John Dewey (1859-1952), hailed during his lifetime as "America’s Philosopher," is now recognized as one of the seminal thinkers of the twentieth century. His critical work ranged more broadly than that of either of his contemporaries, Martin Heidegger and Ludwig Wittgenstein, and he anticipated by several decades some of their most trenchant insights. Dewey’s ground breaking contributions to philosophy, psychology, and educational theory continue to animate research on the cutting edges of those fields.
The twelve original interpretive essays included here locate Dewey’s major works within their historical context and present a timely reevaluation of each of the major areas of his broad philosophical reach. They explore his contributions to logic, ethics, social and political philosophy, the philosophies of religion and art, metaphysics, and the philosophy of the human sciences. They also locate Dewey’s work as it relates to the dominant strands of modern philosophy, as it participates in the major debates of continental philosophy from phenomenology to post-structuralism, and as an early contribution to feminist thought.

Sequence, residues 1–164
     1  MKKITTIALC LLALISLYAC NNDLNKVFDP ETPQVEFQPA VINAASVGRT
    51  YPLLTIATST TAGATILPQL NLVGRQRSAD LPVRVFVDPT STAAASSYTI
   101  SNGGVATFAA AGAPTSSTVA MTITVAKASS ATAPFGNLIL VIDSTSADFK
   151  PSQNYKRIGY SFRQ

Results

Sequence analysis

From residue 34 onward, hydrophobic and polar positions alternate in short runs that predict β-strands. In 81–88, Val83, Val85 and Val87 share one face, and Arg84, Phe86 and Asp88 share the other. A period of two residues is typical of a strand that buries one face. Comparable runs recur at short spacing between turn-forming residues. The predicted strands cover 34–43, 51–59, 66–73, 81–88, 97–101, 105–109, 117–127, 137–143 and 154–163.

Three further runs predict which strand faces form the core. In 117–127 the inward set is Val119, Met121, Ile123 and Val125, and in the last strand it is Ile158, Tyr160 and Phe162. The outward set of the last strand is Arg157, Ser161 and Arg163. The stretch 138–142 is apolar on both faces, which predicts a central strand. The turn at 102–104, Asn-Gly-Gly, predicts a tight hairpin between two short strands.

Contributors are Thomas M. Alexander, Raymond D. Boisvert, James Campbell, James W. Garrison, Larry A. Hickman, Thelma Z. Lavine, Joseph Margolis, Peter T. Manicas, Gregory F. Pappas, Steven C. Rockefeller, Charlene Haddock Seigfried, and John J. Stuhr.